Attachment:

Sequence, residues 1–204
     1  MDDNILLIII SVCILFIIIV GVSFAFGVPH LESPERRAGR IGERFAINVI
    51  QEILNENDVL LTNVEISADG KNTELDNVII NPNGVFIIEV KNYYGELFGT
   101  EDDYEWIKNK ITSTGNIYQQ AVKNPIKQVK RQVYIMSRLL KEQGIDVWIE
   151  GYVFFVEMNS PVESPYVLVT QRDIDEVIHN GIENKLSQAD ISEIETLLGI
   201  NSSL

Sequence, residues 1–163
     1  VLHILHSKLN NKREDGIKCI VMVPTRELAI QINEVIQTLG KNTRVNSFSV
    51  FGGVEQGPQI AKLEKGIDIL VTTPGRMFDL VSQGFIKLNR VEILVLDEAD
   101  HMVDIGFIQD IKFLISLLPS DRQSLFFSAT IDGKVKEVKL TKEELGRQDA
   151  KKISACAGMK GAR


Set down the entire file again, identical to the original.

Sequence, residues 1–204
     1  MDDNILLIII SVCILFIIIV GVSFAFGVPH LESPERRAGR IGERFAINVI
    51  QEILNENDVL LTNVEISADG KNTELDNVII NPNGVFIIEV KNYYGELFGT
   101  EDDYEWIKNK ITSTGNIYQQ AVKNPIKQVK RQVYIMSRLL KEQGIDVWIE
   151  GYVFFVEMNS PVESPYVLVT QRDIDEVIHN GIENKLSQAD ISEIETLLGI
   201  NSSL

Sequence, residues 1–163
     1  VLHILHSKLN NKREDGIKCI VMVPTRELAI QINEVIQTLG KNTRVNSFSV
    51  FGGVEQGPQI AKLEKGIDIL VTTPGRMFDL VSQGFIKLNR VEILVLDEAD
   101  HMVDIGFIQD IKFLISLLPS DRQSLFFSAT IDGKVKEVKL TKEELGRQDA
   151  KKISACAGMK GAR